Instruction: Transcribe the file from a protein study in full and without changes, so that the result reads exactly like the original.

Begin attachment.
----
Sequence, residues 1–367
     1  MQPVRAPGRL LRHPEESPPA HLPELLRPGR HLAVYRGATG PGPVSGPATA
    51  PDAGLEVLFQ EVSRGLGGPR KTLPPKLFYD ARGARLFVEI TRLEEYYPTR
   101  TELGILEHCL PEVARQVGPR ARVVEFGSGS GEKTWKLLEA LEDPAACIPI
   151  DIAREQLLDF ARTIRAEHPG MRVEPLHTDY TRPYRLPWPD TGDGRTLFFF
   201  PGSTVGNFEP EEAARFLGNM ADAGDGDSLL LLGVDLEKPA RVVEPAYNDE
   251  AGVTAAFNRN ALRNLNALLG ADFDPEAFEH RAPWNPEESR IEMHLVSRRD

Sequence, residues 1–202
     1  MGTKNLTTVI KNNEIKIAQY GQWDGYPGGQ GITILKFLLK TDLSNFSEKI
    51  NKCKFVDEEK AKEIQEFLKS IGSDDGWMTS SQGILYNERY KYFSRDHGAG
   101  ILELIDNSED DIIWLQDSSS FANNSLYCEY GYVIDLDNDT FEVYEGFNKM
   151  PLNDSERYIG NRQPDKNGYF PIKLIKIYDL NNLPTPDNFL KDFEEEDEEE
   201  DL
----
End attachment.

Sequence, residues 1–367
     1  MQPVRAPGRL LRHPEESPPA HLPELLRPGR HLAVYRGATG PGPVSGPATA
    51  PDAGLEVLFQ EVSRGLGGPR KTLPPKLFYD ARGARLFVEI TRLEEYYPTR
   101  TELGILEHCL PEVARQVGPR ARVVEFGSGS GEKTWKLLEA LEDPAACIPI
   151  DIAREQLLDF ARTIRAEHPG MRVEPLHTDY TRPYRLPWPD TGDGRTLFFF
   201  PGSTVGNFEP EEAARFLGNM ADAGDGDSLL LLGVDLEKPA RVVEPAYNDE
   251  AGVTAAFNRN ALRNLNALLG ADFDPEAFEH RAPWNPEESR IEMHLVSRRD

Sequence, residues 1–202
     1  MGTKNLTTVI KNNEIKIAQY GQWDGYPGGQ GITILKFLLK TDLSNFSEKI
    51  NKCKFVDEEK AKEIQEFLKS IGSDDGWMTS SQGILYNERY KYFSRDHGAG
   101  ILELIDNSED DIIWLQDSSS FANNSLYCEY GYVIDLDNDT FEVYEGFNKM
   151  PLNDSERYIG NRQPDKNGYF PIKLIKIYDL NNLPTPDNFL KDFEEEDEEE
   201  DL